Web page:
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Ex-Trump associate Felix Sater was a globe-trotting ‘spy’ gave Osama bin Laden’s phone number to US

Felix Sater – an associate of President Donald Trump who played a key role in the probe into Russian election interference – traveled the world and gathered intelligence for years to help the US government ‘combat terrorists and rogue states,’ a newly unsealed court document reveals.

The document, written by federal prosecutors a decade ago and released today by a federal judge, confirms the 53-year-old’s seemingly fantastical claim that he was building ‘Trump Towers by day and hunting bin Laden by night’.  

Prosecutors described what they called Sater’s ‘extraordinary cooperation’ as a covert asset in collecting information on Russia, Al-Qaeda, the Taliban, North Korea, as well as on the Italian mafia in the US in the late 1990s and 2000s.

He supplied information on the Taliban, Al-Qaeda, and American mobsters to the US government, a newly released court document shows

Felix Sater, a former business associate of President Trump, supplied information on the Taliban, Al-Qaeda, and American mobsters to the US government, a newly released court document shows

The letter was filed by prosecutors in 2009 requesting a lenient sentence for him after he pleaded guilty to racketeering in a stock fraud case in 1998

The letter was filed by prosecutors in 2009 requesting a lenient sentence for him after he pleaded guilty to racketeering in a stock fraud case in 1998

The letter details that Sater 'passed on specific information about Osama Bin Laden, including what were believed to be Bin Laden's satellite telephone numbers'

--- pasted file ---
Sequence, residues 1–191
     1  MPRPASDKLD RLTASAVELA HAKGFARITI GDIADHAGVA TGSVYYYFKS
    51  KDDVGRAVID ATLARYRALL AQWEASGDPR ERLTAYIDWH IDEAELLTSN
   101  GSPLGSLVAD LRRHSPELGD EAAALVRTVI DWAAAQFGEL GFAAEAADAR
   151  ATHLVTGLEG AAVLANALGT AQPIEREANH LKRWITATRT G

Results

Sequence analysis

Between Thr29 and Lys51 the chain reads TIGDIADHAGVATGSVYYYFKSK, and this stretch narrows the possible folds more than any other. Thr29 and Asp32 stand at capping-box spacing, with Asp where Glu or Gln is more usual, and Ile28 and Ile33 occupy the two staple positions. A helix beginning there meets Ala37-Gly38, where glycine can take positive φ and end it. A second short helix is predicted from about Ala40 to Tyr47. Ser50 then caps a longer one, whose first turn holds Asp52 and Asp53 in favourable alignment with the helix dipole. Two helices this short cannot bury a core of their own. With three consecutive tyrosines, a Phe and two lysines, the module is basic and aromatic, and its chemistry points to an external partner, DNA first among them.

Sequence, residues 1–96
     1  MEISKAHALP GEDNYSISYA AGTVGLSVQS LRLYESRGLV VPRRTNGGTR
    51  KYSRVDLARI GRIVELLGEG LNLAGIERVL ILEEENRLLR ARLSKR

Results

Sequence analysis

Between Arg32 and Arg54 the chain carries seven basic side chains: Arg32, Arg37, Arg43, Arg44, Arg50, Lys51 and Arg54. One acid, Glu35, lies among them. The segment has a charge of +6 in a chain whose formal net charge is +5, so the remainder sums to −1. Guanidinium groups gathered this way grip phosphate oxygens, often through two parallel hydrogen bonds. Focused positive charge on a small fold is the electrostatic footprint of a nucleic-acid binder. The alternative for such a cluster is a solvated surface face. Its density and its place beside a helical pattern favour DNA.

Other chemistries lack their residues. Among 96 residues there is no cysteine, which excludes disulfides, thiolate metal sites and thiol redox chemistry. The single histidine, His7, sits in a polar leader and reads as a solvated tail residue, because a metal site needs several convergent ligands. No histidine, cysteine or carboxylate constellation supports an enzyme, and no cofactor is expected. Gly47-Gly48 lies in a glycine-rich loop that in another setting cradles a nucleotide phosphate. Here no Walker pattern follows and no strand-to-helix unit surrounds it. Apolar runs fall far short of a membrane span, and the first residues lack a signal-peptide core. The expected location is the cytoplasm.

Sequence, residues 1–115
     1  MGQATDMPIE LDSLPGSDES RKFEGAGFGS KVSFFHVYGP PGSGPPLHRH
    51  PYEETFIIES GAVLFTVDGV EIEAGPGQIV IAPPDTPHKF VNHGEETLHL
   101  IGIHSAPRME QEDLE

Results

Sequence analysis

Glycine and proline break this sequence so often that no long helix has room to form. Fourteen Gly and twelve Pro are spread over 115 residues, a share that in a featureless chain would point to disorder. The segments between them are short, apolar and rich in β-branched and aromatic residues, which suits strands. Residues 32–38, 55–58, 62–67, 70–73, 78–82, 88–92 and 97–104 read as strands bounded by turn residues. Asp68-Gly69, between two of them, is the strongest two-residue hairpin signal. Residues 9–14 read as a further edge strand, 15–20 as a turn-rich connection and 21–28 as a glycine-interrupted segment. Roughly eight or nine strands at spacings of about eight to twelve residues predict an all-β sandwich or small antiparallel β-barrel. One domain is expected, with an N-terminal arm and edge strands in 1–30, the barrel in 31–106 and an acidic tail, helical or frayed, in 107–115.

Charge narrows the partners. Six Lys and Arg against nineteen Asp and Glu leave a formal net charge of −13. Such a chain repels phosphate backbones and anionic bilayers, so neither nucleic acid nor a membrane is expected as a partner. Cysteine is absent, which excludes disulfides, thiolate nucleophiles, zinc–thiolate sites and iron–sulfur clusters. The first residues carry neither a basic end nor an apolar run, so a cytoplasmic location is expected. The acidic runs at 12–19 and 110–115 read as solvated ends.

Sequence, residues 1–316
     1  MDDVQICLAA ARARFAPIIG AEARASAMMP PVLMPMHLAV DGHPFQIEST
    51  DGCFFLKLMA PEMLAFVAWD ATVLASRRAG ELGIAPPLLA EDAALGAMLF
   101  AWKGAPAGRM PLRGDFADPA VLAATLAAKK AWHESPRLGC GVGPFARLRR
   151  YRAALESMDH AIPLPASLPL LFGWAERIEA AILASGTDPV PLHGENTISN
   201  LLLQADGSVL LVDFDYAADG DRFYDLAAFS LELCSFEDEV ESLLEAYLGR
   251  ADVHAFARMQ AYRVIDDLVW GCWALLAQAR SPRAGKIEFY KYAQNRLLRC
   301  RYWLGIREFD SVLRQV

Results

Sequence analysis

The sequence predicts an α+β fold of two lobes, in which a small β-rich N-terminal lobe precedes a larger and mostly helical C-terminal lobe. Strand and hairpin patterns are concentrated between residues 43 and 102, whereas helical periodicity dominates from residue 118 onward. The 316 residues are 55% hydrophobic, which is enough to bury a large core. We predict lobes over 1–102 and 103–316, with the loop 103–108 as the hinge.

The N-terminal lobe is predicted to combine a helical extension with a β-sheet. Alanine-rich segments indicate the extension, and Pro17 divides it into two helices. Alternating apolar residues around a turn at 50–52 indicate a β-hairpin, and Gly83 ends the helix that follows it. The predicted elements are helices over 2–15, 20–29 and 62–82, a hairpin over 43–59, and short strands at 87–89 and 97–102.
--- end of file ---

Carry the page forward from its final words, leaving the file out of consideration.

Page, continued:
The letter details that Sater ‘passed on specific information about Osama Bin Laden, including what were believed to be Bin Laden’s satellite telephone numbers’

The intelligence he gathered included the purported satellite phone numbers for Osama bin Laden and his whereabouts after the September 11, 2001 attacks, details on an assassination plot against then-President George W. Bush and ‘information on North Korean nuclear capabilities,’ the document says. 

A Soviet-born emigre who befriended Trump in the 2000s, Sater served jail time for slashing a man with a broken cocktail glass in 1991.

He began cooperating with the US government in 1998 after pleading guilty to racketeering in a $40 million stock-fraud case involving New York mafia figures.

The partially redacted government document, referred to as a 5K1 letter in legal terms, was filed by prosecutors in 2009 requesting a lenient sentence for Sater due to his work with the CIA and FBI targeting the mafia and Al-Qaeda. 

He dodged jail time with a $25,000 fine.

The 10-page letter describes him as an ‘exemplary cooperator who worked diligently to further the aims of the missions to which he was assigned.’ 

The letter was released on Friday by US District Court Judge Leo Glasser in response to a lawsuit by The Intercept, an online news organization, to reveal more information about Sater's dealings with the US government

The letter was released on Friday by US District Court Judge Leo Glasser in response to a lawsuit by The Intercept, an online news organization, to reveal more information about Sater’s dealings with the US government 

Sater (seen in 2005) was a prominent figure in the Trump-Russia probe because he pursued a business deal to build a Trump tower in Moscow during the 2016 presidential campaign

Sater (seen in 2005) was a prominent figure in the Trump-Russia probe because he pursued a business deal to build a Trump tower in Moscow during the 2016 presidential campaign 

It said he played a key role in weakening the Mafia’s presence on Wall Street, as well as helping the US government dismantle money laundering operations in Russia, Cyprus, Turkey, and elsewhere.

‘For approximately ten years, Sater continuously worked with prosecutors and law enforcement agents to provide information crucial to the conviction of over twenty different individuals, including those responsible for committing massive financial fraud, members of La Cosa Nostra organized crime families and international cyber-criminals,’ wrote a former assistant US attorney.